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Just sticking to the technical stuff about one design or feature vs another gets gun geeks worked up.

Discussing which management is more evil we leave to our enemies. One has to ask, tho, why Glock keeps bidding on modular contracts requiring a FCU separate from the grip unit, yet four years after the first there isn't a hint they have anything in the pipeline other than another lawsuit.

Browning had a problem in his day - he sold the patents on the 1911 to Colt and when faced with a contract to invent the Hipower couldn't use any of those. He built a better gun which jumped auto pistol design ahead and which still affects guns being made today. Fans now expect Glock to Do Something, instead of resting on their laurels. They don't want Glock to follow in Remington's business model.

I don't think the OP's post proclaimed Glock superior, but it's dominance over the last 45 years has created an atmosphere of "high confidence" in it's owner base which is reminscent of an expensive Swiss watch. Hallway neener neener competition gets funny.
 

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Discussing which management is more evil we leave to our enemies. One has to ask, tho, why Glock keeps bidding on modular contracts requiring a FCU separate from the grip unit, yet four years after the first there isn't a hint they have anything in the pipeline other than another lawsuit.

Any links to the contracts that require a modular FCU? The DOD one that Sig won had no such requirement. The modularity requirement covered the grip only.
 

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The Canadian contract for replacing the HiPower is the current conflict.

How an FCU would not be used when a changeable grip unit for size is required would be an interesting engineering feat. By requiring one it implies the other.

TL;DR There are a lot of foreign and LEO contracts now specifying an FCU type mechanism which Glock aren't winning.
 

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Firearm engineering represents the leading edge of innovation, and has for centuries. It impacts production design and manufacturing engineering - and probably has lead to more progress than most areas other than electronics.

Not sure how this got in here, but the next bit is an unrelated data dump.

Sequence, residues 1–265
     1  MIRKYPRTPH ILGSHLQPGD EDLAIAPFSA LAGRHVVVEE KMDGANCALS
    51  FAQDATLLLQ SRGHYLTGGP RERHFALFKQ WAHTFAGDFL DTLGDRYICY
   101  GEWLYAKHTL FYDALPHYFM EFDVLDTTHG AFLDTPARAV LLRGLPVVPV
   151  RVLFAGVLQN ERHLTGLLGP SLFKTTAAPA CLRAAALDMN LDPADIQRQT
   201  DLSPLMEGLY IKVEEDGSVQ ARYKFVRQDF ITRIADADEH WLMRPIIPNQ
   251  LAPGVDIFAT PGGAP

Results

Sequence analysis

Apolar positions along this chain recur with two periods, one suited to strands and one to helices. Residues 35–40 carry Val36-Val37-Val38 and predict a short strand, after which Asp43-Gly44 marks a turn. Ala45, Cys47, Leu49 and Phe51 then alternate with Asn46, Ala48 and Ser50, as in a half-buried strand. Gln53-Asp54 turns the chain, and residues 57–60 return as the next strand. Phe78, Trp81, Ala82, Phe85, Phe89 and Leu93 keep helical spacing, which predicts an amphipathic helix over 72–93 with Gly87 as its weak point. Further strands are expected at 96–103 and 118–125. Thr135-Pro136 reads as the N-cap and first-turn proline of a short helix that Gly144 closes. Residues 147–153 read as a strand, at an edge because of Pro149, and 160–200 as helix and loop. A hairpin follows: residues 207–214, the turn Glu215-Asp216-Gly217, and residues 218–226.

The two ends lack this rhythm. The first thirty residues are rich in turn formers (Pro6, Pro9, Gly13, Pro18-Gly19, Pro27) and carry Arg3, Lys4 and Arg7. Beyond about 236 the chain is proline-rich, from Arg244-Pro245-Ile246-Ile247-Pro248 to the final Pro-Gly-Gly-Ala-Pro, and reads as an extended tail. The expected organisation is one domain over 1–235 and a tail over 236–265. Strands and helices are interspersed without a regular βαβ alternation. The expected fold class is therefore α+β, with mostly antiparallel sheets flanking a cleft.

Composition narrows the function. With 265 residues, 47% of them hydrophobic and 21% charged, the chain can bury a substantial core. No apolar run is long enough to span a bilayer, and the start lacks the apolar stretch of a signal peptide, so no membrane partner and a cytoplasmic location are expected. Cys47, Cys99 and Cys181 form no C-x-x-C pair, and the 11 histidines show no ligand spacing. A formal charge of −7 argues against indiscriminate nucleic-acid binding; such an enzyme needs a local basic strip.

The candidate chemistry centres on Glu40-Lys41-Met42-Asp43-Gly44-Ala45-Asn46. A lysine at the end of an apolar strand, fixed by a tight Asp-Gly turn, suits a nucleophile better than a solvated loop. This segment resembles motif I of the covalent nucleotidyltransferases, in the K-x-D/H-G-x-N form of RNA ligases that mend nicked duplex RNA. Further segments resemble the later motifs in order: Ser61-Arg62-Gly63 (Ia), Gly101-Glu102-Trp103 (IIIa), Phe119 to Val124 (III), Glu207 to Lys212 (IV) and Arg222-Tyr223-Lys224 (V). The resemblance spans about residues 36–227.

Safety has always been a priority in firearms designs, and I suppose that it's also been the first thing for competitors to attack. That's likely why you see perceived weaknesses surface quickly, publicized and then stigmatized when it's possible.

SIG makes an outstanding firearm, which is why I personally prefer them. They exhibit precision and attention to both design and manufacturing detail that is generally superior to their competitors, and the customer service I've experience generally matches that. Nobody is perfect, but when it comes to firearms that I trust SIG has satisfied my needs.

I teach a number of classes from basic to more advanced tactical and our state concealed carry certification. I typically use SIG handguns for demonstrations in those classes. They perform well, and are reliable. A number of brand new handguns from other manufacturers that students have brought to class have failed in their first usage in these classes.

A number of the handguns that I own have been police surplus pistols and revolvers. The agencies that have used them have generally proven their reliability before moving on to newer designs. They are a great source for handguns at a good discount price.

Always take what you read in forums as input, but not as the final reason for rejecting a design as unsafe or unsatisfactory in some way. You need to use personal experience to make up your own decision.
 

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The Canadian contract for replacing the HiPower is the current conflict.

How an FCU would not be used when a changeable grip unit for size is required would be an interesting engineering feat. By requiring one it implies the other.

TL;DR There are a lot of foreign and LEO contracts now specifying an FCU type mechanism which Glock aren't winning.
The grip size can be changed on a Glock since gen4.


No manufacturer is going to waste money submitting a product for testing if it doesn’t meet the base line requirements. The manufacture increasingly has to pay for testing which is not cheap. They aren’t submitting firearms and waiting for a verdict.


Glock has designed new pistols for much smaller contracts, the rotating barrel for the German police comes to mind. If they need to design a removable fcu to compete in a contract they will.


Sig and Glock were the two finalist in the mhs program, a product that doesn’t meet a baseline requirement doesn’t get to the testing phase.
 
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